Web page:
Violence is a theme that is extensively dealt with in the book From here You can almost See the End of the Dessert by Aaron Morales. The subject, however, is only presented as a man’s problem which promotes the stereotype that violence is perpetuated by men alone. This can be seen in that all those who perpetuate violence in the three stories are men. The subjects who are on the receiving end of the violence may not all be women, but those attacked are definitely weaker than their attackers. The perpetuation of the idea that men are mostly violent creatures and the depiction of an extremely violent world are not resonant with the real society. Though it may be argued that the authors have the right to depict the world as they see fit to achieve their goal, the exaggeration of violence does not help us realize its implications since we cannot easily relate the work with the real world. The work becomes a sort of entertaining fiction that does not apply to our every day issues since it desensitizes rather than instructs on the implications of violence in society.
Violence, it can be argued, is often the product of testosterone but this does not mean that men are its only perpetuators. Women have also been seen to be violent and therefore this leads to the alienation of the stories from the real world. Art should be a reflection of society and should provide instructing and insightful views into human nature. However, by exaggeration, the stories achieve the opposite since they depict men as the only culprits in the perpetuation of violence, they depict a fictionalized view of society that does not instruct or provide insights into human nature.
Though through exaggeration art may place stress on a given subject, this is not possible for violence since it produces desensitization rather than posing questions about the subject that could produce positive results in society. By painting the world as dark and full of woe, the stories deviate from the real image of the world which also has another side to it – the sunny and happy side. Therefore, the stories lack the ability to mirror society which would in turn enable the reader to relate and learn from it. This picture of the world could also prove depressing to the reader which could be deviating to the reader from having an objective look into the subject. Therefore, if the objective of the stories is to sensitize on the subject of violence, which it clearly is, the objective is not met.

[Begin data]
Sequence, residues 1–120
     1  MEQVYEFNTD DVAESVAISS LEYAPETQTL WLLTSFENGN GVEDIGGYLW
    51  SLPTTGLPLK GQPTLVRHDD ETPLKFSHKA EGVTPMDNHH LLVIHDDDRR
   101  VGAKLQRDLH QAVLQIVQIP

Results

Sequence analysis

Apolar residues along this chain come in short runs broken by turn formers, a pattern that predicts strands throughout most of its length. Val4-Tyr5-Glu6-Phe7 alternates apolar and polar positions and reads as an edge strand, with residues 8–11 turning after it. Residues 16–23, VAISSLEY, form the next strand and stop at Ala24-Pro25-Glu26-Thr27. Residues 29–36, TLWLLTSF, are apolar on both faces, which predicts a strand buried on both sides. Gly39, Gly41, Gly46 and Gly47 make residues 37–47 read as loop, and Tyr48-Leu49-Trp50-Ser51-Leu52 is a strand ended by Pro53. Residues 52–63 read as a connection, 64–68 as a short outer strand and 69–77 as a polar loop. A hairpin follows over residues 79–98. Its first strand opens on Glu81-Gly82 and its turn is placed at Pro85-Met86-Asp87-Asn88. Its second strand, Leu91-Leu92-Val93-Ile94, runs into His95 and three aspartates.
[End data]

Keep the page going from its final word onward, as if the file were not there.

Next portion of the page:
In this age in which the individual is exposed to a lot of violence in the media and from other sources such as video games, books should be the source of hope, advice and instruction. This is especially true for the youth who are very vulnerable and can translate what they see and hear in the media -and now read in the books- into violent activities. Society becomes conditioned by whatever is put through the senses and therefore a constant input of violence could prove detrimental. Therefore, books, rather than mirror what is depicted in the media, should provide an insight into subjects and provide viable solutions to those problems experienced by society. Since books can be said to be one of the last frontiers in which morality and true scholarship go on largely unaffected by other trivial subjects, the books should have a responsibility towards providing social commentary that is useful.